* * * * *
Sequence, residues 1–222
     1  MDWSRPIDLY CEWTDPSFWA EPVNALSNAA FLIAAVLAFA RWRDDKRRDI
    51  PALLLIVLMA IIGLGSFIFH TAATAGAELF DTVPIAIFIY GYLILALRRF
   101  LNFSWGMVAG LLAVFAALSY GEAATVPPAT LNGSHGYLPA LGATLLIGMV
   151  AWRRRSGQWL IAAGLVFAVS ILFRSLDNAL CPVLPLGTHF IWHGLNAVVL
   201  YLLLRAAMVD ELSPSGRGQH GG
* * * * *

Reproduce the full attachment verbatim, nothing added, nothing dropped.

Sequence, residues 1–222
     1  MDWSRPIDLY CEWTDPSFWA EPVNALSNAA FLIAAVLAFA RWRDDKRRDI
    51  PALLLIVLMA IIGLGSFIFH TAATAGAELF DTVPIAIFIY GYLILALRRF
   101  LNFSWGMVAG LLAVFAALSY GEAATVPPAT LNGSHGYLPA LGATLLIGMV
   151  AWRRRSGQWL IAAGLVFAVS ILFRSLDNAL CPVLPLGTHF IWHGLNAVVL
   201  YLLLRAAMVD ELSPSGRGQH GG